By Kimberly Garrison Philadelphia Daily News
Everybody knows that in order to accomplish something, be it big or small, you must set a goal. It doesn’t matter if the goal is to lose 10 pounds, to eat healthier or to work out consistently.
Although we probably all agree that goal-setting is necessary, the real problem is not setting the goal, but sticking with it. Talk is cheap, and if you really want to achieve your goals this summer, fitness or otherwise, you really need a plan.
To help you get it right this summer, here are my seven habits of highly fit people:
1. Set a goal
Similar to a business metric, you must set quantifiable fitness and health goals. For example, if your cholesterol is 250, give yourself the goal of getting it down to 200 by your next checkup, as opposed to just wishing that number would go down. Take concrete steps, like limiting or eliminating your consumption of high-cholesterol foods, like butter, cheese, eggs and meat. If weight loss is also a goal, commit to a number, let’s say 20 pounds, and figure out how many weeks or months it will take you to safely reach your goal. If you stay committed to your commitments, you can safely lose 20 pounds in 10 weeks. If you want to improve your muscle tone and strength, give yourself a goal like achieving 10 perfect push-ups in eight weeks, and so on. Otherwise you are just wishing for results as opposed to planning and tracking your success. A wish requires no action on your part, but a plan does.
2. Write it down
Some wise person once said “failing to plan is planning to fail.” Write down every single thing you would like to accomplish to improve your health, diet and workouts. You are far more likely to reach your goals if you write them down.
3. Avoid portion distortion
Many people mistakenly think that working out is a license to eat not only whatever they want, but also unlimited quantities. Nothing could be further from the truth. With or without exercise, if you consume more calories than you burn each day you will gain weight. If you’re aiming for a sixpack, guess what — it starts in the kitchen, baby. At the minimum, diet is 80 percent of the equation and exercise is 20 percent but you still have to do both. There are no shortcuts, and no amount of exercise can replace poor nutrition.
4. Make fitness a priority
Who has time to exercise? With juggling career and family, nobody has time for fitness, right? Wrong! These days everyone is sleep-deprived and working 60 or more hours a week. At least, those are some of the excuses people give for not exercising. If you plan to get fit you must make fitness a priority and plan a daily date at the gym, your basement or bedroom for a workout. Also, I’ll let you in on another little secret: You’re more likely to get it in if you do it in the morning. The later it gets in the day, the more likely you’ll blow off your exercise routine. Besides, when you prioritize your fitness first, you are making an investment in your most significant asset — you.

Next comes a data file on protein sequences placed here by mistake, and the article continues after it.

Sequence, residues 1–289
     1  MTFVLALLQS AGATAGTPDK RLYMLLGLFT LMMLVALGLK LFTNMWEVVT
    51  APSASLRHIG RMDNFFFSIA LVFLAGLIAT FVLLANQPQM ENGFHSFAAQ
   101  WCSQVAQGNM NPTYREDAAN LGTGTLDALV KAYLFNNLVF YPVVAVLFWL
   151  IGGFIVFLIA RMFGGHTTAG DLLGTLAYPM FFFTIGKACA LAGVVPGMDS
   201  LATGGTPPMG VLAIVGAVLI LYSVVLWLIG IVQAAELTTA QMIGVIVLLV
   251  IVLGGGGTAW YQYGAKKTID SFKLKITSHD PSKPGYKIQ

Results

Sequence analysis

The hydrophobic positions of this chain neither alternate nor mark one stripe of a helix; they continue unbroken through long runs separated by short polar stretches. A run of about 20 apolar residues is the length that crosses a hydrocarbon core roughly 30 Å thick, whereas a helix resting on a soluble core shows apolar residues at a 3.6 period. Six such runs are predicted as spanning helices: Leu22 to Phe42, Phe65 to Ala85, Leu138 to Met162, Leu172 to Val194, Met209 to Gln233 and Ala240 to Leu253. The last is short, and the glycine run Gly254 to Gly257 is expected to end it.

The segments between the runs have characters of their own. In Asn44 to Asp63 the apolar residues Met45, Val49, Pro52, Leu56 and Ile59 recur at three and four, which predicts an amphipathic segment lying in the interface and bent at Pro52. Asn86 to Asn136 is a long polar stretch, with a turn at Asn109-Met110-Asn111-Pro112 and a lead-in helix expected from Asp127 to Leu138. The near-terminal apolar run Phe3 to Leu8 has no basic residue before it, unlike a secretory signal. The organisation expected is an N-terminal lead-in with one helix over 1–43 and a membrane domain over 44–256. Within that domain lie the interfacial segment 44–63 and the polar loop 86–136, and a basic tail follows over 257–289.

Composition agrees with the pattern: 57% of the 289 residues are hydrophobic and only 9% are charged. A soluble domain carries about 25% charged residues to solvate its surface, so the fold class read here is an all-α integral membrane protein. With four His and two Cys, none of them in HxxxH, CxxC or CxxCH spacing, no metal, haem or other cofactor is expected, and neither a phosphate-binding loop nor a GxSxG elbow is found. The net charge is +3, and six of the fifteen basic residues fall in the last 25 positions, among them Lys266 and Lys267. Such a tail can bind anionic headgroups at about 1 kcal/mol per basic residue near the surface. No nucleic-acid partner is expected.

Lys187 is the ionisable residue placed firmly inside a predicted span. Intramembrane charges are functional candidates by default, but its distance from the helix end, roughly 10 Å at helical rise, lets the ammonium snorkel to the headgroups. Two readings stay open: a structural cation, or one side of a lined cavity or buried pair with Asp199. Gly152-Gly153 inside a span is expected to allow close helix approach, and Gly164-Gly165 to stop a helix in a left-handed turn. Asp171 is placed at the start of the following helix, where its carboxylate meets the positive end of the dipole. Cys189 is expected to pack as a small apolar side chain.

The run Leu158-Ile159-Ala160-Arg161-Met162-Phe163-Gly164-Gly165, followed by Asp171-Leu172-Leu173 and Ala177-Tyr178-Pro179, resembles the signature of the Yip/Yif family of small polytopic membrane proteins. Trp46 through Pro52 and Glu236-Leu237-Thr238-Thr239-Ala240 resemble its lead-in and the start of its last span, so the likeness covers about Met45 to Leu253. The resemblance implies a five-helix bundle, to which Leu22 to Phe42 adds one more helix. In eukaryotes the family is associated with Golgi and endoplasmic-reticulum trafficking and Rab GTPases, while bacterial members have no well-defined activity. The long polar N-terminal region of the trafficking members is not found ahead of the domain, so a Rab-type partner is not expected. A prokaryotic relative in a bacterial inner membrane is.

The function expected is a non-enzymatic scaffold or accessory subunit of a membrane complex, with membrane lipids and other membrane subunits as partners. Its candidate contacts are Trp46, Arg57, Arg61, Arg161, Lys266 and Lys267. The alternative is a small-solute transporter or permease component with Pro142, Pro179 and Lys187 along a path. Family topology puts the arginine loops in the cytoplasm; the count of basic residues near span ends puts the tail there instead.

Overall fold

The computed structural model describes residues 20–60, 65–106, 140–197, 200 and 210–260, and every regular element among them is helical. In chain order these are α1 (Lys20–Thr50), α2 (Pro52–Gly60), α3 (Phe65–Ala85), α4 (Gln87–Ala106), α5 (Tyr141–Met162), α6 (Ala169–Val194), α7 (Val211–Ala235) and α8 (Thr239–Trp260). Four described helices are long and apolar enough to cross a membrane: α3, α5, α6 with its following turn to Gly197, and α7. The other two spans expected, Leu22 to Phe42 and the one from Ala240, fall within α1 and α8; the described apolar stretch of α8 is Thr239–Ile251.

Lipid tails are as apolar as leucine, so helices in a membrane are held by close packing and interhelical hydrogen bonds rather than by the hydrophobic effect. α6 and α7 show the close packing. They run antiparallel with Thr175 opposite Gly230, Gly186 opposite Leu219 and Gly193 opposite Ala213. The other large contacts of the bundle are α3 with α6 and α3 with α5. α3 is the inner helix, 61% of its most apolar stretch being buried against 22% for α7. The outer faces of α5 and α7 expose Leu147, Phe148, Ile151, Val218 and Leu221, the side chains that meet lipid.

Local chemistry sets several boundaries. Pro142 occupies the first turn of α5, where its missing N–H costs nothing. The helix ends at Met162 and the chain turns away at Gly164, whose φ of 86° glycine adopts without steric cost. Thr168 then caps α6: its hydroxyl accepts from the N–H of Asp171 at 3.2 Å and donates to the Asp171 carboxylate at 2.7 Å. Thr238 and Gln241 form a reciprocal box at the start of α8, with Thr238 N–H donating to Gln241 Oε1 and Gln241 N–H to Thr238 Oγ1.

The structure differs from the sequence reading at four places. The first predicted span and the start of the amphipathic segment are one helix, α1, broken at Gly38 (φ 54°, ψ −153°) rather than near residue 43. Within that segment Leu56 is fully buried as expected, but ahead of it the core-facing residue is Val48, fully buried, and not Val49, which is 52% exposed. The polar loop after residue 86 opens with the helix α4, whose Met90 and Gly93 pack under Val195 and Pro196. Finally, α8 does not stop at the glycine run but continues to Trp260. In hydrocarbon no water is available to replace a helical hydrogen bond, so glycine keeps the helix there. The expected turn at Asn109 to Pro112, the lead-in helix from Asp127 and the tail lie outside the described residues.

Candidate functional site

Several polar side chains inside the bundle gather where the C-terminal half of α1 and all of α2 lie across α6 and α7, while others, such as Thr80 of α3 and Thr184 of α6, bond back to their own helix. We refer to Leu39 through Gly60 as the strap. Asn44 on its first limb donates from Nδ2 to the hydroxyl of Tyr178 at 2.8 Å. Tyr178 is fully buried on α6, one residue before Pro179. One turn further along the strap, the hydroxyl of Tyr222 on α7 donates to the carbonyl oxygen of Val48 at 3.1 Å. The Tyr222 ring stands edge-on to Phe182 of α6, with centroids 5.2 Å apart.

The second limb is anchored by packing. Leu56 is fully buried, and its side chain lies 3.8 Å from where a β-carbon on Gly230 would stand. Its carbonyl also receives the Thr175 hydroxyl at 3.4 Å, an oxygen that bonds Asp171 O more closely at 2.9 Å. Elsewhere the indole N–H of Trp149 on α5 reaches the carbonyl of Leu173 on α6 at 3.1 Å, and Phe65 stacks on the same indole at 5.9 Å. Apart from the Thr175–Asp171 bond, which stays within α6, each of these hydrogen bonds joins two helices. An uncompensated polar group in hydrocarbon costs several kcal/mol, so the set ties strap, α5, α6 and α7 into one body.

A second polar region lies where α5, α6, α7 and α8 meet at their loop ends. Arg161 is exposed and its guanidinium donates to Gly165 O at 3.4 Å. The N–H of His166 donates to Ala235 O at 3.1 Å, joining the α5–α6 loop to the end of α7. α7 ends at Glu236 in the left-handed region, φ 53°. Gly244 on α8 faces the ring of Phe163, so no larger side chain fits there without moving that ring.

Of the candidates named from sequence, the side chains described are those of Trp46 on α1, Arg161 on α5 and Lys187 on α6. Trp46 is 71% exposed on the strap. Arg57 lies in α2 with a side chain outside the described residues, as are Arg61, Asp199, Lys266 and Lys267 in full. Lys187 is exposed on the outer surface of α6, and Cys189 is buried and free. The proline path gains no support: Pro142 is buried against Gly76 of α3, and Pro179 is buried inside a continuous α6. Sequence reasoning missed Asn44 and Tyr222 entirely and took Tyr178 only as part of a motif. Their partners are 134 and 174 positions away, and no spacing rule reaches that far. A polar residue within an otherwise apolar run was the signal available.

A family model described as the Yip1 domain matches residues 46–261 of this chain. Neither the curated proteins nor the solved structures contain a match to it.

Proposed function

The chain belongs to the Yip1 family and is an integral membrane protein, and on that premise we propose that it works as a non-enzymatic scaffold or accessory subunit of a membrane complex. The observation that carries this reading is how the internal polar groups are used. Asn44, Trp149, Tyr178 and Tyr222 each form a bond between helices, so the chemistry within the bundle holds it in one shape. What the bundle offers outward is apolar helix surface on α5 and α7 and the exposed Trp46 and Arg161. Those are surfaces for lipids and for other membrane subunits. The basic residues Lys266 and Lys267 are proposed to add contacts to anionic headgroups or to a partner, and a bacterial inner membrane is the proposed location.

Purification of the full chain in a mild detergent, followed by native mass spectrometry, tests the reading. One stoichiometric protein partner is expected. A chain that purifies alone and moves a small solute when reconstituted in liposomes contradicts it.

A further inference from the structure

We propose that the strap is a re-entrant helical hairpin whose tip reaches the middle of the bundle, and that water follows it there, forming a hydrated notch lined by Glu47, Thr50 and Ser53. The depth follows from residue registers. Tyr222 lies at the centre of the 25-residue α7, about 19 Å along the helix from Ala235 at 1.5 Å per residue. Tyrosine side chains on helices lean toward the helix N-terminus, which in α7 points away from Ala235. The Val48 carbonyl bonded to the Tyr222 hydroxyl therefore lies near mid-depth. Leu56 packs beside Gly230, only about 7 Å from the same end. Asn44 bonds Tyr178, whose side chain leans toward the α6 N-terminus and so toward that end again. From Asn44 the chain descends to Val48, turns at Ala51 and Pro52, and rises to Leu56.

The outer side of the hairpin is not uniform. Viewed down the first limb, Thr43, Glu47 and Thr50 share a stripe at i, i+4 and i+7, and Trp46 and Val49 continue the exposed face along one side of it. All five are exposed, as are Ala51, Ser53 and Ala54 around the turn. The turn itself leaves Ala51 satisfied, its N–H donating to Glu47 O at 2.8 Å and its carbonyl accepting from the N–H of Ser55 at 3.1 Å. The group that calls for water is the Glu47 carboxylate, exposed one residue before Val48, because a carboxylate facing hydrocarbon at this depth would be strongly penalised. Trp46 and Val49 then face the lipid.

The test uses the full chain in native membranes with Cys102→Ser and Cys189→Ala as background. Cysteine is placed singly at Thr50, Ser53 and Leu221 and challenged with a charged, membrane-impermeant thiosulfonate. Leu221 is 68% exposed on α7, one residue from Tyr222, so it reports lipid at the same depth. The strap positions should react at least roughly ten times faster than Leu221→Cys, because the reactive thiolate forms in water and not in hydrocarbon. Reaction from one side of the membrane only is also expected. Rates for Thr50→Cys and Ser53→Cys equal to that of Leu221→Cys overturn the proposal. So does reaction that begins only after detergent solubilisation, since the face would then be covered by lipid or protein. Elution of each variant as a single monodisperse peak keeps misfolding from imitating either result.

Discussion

5. Follow the Boy Scouts
“Be Prepared.” Preparation is 90 percent of your success. Get organized, prepare your meals, buy your gear, sneakers, gym bag, toiletry items, etc. In short, leave no room for failure or excuses. Buy what you need, prepare the night before, pack your lunch and leave your gym bag at the front door.
6. Exercise effectively
Are you exercising on a regular basis, say, three to four times a week, but still not getting the results you want? If so, then you must ask yourself: How effective is my exercise routine, or what’s up with my diet? It’s not enough to simply go through the motions, you want to be sure you are exercising and eating correctly, otherwise you could be getting diminishing returns. If you are not getting the results you want, then it is likely time to increase either the speed, length or the intensity of your training program, and/or to shake up your diet. So, look at your routine and decide which training variables you need to change.
7. Set realistic goals
Don’t expect to lose 50 pounds in five weeks or expect to look like an elite athlete after only four weeks of training. Losing one to two pounds a week is not just acceptable, but a rather lofty goal. Two pounds is the equivalent of 7,000 calories, and that’s no joke. Focus on the tangibles, like preparing healthy meals, getting stronger, increasing stamina, getting more muscle and losing body fat. Looking good and feeling great are the rewards for your efforts. It’s a lifestyle, and what you put in is what you’ll get out.